Myer has come out on the front foot revealing it had dispensed with the services of a cleaning provider following revelations that subcontractors had underpaid staff by $6300.
The underpayments made by subcontractors to Pioneer Facilities Services were revealed following a visit to Myer’s Fountain Gate store in southeast Melbourne during December last year, when the Fair Work Ombudsman says it interviewed two cleaners during an unannounced visit.
According to the Ombudsman, the two cleaners, one of whom was an employee and the other purportedly an independent contractor, were found to be earning a flat-rate of $17 an hour.
The cleaners worked for cleaning services contractor A&K Saana Services, which was subcontracted to clean Myer sites at Knox City, Highpoint, Fountain Gate and Altona in Melbourne.
Myer’s agreement was with RCS Cleaning Services, which subcontracted to Pioneer Cleaning Services, which in turn sub-contracted to A&K Saana Services.
A subsequent investigation in May this year revealed nine cleaners at several Melbourne sites in Melbourne had been short-changed a total of $6300 in less than a month.
Fair Work inspectors found A&K Saana Services was one of a number of sub-contractors to Pioneer that underpaid employees and misclassified a number of staff as independent contractors.
As a result of the investigation, A&K director Admir Kolakovic has entered into an enforceable undertaking with the Ombudsman and senior officials met with Myer to discuss supply chain compliance.
A Myer spokesperson told SmartCompany this morning the retailer will continue to work with the Ombudsman in its investigations.
“The FWO informed Myer on 14 July 2015 that a sub-contractor of Pioneer Facilities Services had acknowledged it was in breach of the Fair Work Act,” the spokesperson says.
“Prior to this, Myer but had been working with the FWO in its investigation into the cleaning services provided by Pioneer and its subcontractors.”
The spokesperson says Myer has also sought further information from Pioneer Facilities Services over the past six months to demonstrate its compliance, and the compliance of subcontractors, with workplace laws.
“Despite repeated requests, Pioneer Facilities Services did not provide us with enough information to satisfy Myer,” the spokesperson says.
“Subsequently, Myer made the decision to terminate its contract with Pioneer in June 2015.”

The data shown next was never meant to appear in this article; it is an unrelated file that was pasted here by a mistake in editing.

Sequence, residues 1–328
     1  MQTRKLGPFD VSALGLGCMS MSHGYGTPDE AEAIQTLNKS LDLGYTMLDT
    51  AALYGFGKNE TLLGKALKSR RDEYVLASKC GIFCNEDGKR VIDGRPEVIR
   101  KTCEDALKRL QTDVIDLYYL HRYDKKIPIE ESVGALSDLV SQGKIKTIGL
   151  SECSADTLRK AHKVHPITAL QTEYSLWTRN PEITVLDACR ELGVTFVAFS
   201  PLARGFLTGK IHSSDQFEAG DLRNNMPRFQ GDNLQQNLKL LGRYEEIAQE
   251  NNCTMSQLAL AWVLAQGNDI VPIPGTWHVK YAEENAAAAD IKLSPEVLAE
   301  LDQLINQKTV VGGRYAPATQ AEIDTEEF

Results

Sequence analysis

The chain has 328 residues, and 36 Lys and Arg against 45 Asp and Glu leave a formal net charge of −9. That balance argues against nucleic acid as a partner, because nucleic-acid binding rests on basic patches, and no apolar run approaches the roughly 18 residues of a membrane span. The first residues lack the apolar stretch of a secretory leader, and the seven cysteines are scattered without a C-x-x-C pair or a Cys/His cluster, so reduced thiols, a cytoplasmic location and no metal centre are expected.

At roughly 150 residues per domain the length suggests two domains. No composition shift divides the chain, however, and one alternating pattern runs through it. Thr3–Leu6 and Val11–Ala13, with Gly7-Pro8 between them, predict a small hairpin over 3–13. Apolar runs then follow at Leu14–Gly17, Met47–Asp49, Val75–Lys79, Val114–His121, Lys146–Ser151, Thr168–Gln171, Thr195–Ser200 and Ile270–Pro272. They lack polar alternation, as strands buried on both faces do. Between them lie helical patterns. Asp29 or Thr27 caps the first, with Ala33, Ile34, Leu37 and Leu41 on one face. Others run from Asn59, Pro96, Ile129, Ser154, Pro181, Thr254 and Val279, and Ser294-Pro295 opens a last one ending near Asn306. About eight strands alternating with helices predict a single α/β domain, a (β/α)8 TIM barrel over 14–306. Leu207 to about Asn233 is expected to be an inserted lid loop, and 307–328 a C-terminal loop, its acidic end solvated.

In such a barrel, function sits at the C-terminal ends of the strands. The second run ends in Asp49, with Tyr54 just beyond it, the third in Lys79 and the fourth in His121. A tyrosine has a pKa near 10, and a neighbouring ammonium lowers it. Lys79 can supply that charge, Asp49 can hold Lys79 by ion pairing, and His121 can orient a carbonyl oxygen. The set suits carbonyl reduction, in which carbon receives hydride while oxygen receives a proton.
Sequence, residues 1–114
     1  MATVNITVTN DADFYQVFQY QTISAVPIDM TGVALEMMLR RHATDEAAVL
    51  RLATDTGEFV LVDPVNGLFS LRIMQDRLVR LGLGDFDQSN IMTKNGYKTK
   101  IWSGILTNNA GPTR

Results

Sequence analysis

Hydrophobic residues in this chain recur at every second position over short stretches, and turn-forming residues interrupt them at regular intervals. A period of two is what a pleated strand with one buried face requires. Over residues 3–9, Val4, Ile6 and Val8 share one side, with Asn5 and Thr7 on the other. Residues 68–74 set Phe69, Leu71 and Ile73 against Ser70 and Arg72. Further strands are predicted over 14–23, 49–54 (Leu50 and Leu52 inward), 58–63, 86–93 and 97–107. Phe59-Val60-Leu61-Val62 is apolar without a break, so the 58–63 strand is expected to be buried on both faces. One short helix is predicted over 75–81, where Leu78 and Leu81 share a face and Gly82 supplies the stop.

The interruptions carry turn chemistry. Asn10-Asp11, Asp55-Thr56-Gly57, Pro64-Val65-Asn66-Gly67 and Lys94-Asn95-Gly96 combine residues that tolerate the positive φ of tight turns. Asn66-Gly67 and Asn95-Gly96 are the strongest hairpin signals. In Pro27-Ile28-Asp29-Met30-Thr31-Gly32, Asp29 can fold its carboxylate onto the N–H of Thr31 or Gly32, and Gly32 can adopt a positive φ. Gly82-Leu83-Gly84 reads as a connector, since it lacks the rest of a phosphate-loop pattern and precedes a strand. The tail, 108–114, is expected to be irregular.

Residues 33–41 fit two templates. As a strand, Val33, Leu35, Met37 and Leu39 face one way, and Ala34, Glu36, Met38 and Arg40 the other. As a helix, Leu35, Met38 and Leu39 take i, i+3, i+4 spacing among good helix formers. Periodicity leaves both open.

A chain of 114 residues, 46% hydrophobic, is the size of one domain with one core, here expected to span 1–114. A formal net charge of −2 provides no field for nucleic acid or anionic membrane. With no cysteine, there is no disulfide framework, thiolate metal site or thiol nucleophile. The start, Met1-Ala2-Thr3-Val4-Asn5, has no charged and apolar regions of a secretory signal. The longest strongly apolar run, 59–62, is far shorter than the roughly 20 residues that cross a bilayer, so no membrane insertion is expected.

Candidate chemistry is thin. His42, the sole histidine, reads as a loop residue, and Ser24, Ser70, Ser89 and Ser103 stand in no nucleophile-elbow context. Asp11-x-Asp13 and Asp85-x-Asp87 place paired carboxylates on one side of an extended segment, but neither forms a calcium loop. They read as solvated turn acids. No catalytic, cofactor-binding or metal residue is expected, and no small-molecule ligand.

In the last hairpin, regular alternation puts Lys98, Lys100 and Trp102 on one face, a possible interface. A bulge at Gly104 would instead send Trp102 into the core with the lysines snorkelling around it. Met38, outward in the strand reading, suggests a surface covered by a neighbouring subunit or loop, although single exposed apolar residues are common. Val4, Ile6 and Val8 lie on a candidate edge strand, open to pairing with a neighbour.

The spokesperson says Myer took its duties as a responsible Australian employer “very seriously”.
“All the company’s suppliers, and their subcontractors, are expected to comply with their contractual obligations, which includes full compliance with workplace laws,” the spokesperson says.
“If information is provided to Myer that a supplier is not complying with its contractual obligations or relevant laws, Myer will investigate the matter and take appropriate steps available under its contracts to help ensure compliance.”
Ben Tallboys, senior associate at Russell Kennedy, told SmartCompany it is important employers are sure of their obligations in situations where they want to pay an employee a flat rate.
“The key thing here is if you’re paying your employees a flat rate, you need to make sure you do it properly,” he says.
“It’s about making sure you’re paying at least, or more, than what is required under any modern award and that you’ve properly documented the arrangement.”
“These situations demonstrate that if you don’t take the time to get things right in the first place, the ombudsman is going to require you to do 120% to fix the situation.”
Tallboys says engaging an individual as an independent contractor is “always a risky business”.
“Particularly when you intend to be paying the ‘contractor’ less than what you’d be paying them if they were an employee,” he says.
“You need to take extreme care when deciding to engage someone as an independent contractor, which means getting payment terms right and making sure it’s an independent contractor.”
“In this case it’s absolutely clear the person was an employee.”